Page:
MLB DFS Plays for 5/9/16

daily fantasy baseball picks

Monday’s thirteen-game slate will provide a night filled with baseball, including a fantasy-worthy game in Colorado. Thankfully, some of the best pitching options of the days are rather contrarian, thus suppressing their price and allowing more high-priced hitters to be purchased.

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Currently, we are using xFIP and wOBA simply to compare one pitcher’s performance against another – especially against opposite-handed hitters. We aren’t using these numbers for calculation. To help with some calculations, we have assumed that each hitter and pitcher has played at least one game. Each pitcher was assigned an innings total relative to his average projection.

Check the starting lineups and weather reports prior to making any plays, as these change without notice.

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Scott Kazmir – While the main spotlight of the matchup between the Mets and Dodgers will likely shine on Steven Matz, Scott Kazmir is the southpaw to target. Both lineups are susceptible to left-handed pitching – so hitters should be chosen with caution – but Kazmir actually sees a boost in his strikeout rates against right-handed hitting – over the last three years. New York ultimately split its four-game series with the Padres, but the offense averaged a mere 3.25 runs-per-game. Certainly, the Mets have shown the ability to be better than their low output of the past few games, but they tend to run hot-and-cold as a unit. Scott Kazmir – the former Met, himself – is set up for a top-flight outing.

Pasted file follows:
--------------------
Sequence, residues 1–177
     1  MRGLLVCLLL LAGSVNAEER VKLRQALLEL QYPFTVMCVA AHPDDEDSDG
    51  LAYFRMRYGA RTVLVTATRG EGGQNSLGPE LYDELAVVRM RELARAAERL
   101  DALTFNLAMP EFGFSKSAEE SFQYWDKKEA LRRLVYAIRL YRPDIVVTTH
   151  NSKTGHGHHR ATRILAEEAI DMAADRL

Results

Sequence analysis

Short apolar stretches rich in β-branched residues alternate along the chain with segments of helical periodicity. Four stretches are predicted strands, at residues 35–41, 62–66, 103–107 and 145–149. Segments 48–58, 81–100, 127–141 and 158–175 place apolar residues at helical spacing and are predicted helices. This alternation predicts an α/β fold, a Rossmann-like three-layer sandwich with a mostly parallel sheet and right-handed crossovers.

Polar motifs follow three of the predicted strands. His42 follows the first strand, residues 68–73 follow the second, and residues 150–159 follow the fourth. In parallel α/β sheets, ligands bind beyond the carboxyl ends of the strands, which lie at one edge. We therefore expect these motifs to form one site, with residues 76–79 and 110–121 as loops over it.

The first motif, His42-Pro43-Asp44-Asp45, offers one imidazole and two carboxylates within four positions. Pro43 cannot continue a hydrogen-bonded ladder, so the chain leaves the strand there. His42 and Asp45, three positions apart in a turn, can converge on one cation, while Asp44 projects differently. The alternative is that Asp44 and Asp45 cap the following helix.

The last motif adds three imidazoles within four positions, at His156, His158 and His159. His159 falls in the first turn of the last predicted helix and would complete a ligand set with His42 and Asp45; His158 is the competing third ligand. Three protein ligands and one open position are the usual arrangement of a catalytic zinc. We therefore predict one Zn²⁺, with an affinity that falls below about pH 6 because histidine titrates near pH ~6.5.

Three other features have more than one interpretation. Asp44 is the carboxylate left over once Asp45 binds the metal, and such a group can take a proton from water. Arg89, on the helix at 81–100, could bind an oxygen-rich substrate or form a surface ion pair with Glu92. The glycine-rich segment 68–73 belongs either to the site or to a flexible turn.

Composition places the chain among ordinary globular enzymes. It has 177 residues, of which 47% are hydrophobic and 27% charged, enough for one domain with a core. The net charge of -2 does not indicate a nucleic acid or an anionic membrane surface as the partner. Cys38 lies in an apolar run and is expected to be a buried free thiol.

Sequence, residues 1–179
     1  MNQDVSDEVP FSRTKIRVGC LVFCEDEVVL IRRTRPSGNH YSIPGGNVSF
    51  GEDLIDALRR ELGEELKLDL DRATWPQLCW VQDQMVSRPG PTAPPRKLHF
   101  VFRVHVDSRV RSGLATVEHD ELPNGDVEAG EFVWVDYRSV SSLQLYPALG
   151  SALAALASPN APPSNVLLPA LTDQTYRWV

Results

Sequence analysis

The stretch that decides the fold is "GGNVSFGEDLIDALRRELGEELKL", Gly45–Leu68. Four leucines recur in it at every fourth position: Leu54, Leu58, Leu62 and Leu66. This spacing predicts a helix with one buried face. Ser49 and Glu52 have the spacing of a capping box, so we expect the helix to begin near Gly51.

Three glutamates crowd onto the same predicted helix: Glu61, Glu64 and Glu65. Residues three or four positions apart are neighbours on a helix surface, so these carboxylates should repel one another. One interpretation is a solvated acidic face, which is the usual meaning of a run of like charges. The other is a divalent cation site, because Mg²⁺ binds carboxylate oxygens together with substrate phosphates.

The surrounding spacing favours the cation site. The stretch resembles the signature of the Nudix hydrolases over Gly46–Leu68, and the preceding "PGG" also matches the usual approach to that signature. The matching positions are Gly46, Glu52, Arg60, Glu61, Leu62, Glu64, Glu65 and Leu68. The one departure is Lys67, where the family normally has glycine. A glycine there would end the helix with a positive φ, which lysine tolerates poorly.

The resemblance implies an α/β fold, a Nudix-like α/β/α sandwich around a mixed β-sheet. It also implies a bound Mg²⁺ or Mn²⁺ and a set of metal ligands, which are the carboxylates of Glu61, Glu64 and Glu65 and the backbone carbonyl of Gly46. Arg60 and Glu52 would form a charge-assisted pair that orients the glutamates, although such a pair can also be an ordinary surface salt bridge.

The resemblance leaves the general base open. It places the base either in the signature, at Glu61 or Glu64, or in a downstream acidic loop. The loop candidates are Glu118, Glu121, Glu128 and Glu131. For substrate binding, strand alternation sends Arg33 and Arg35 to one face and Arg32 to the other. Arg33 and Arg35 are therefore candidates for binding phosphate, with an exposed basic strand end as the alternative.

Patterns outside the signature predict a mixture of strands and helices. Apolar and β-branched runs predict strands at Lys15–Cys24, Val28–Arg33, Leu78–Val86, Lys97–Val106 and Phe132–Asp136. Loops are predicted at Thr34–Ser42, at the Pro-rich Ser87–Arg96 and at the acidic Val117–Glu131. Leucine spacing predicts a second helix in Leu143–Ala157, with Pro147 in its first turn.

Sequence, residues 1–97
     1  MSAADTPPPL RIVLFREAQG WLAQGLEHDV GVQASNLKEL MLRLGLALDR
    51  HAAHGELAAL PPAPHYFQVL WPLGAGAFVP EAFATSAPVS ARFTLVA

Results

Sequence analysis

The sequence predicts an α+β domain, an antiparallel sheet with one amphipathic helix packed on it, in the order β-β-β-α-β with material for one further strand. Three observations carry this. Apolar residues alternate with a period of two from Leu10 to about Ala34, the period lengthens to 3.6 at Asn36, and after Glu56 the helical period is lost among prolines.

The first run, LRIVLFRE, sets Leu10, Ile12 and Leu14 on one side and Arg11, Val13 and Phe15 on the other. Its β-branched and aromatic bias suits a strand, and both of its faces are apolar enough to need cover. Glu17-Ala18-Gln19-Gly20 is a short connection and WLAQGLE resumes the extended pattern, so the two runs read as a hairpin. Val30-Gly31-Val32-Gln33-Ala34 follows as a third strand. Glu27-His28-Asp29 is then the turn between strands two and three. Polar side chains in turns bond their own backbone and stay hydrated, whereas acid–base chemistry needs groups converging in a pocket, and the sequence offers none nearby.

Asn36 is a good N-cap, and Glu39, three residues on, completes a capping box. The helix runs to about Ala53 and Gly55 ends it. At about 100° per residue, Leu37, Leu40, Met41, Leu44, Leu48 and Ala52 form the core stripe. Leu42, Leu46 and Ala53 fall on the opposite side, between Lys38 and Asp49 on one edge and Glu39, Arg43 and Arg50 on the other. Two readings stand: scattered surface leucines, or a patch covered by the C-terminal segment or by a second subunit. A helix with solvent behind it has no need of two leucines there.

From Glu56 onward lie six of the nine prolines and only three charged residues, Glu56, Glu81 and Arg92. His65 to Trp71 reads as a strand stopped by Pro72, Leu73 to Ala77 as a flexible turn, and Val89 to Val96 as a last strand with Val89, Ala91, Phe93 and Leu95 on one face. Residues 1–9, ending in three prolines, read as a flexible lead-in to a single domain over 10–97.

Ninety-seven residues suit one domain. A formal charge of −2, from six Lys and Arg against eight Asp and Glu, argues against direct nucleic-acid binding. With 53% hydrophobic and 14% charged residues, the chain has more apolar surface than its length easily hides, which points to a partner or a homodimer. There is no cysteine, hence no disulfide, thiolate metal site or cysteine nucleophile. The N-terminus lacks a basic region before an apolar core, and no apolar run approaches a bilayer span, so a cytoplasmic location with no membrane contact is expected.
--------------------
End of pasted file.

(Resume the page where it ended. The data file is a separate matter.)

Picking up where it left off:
Anibal Sanchez – Anibal Sanchez is still in the slow process of recovering from his disaster against the Indians a few weeks ago. Since then, Sanchez has amassed sixteen strikeouts in two games, but allowed six earned runs in just under thirteen innings pitched. These last two starts are indicative of what to expect from Sanchez – high strikeout totals, but a few too many hits and runs allowed. The bonus is that Sanchez is improving – really, returning towards his mean – and will face a Nationals’ lineup with a decent team strikeout rate. In addition, Sanchez’s splits against hitters from either side of the plate are relatively even, making the balanced lineup of Washington less threatening.

Matt Moore – Matt Moore becomes the second southpaw of Monday to earn a recommendation, opposing Felix Hernandez as an ideal contrarian play. Moore’s ERA has remained high throughout the early portion of the season, but his strikeout rate is fantastic and reaffirms the high praise that the former top prospect received prior to his elbow surgery. The scorching bat of Robinson Cano helped Seattle split its series in Houston over the past few days, but the Mariners scored more than three runs only once during the four-game set. The shift from hitter-friendly Houston to the slight pitcher’s ballpark of Seattle should only hurt the Mariners’ offensive output. Matt Moore should benefit the most.

Jose Fernandez – There is no possible way to ignore Jose Fernandez, at home, against the Milwaukee Brewers. The matchup is so heavily tilted towards Fernandez that it becomes a risk for its one-sided nature. Fernandez has his high strikeout rate coupled with Milwaukee’s, the ballpark factor against a Brewers team with a hitter-friendly home park – recently playing in Cincinnati’s hitter’s park – and the win potential against Wily Peralta. Fernandez is arguably in the best position, to date, but he should be approached with caution. In addition to how perfect the matchup appears on paper – nothing in sports is as easy as it looks – Fernandez has yet to pitch into the seventh inning. This may not be an accident, as inning are precious to an ‘ace’ with a history of an arm injury. With that, Fernandez’s ceiling might be too low to justify his high price.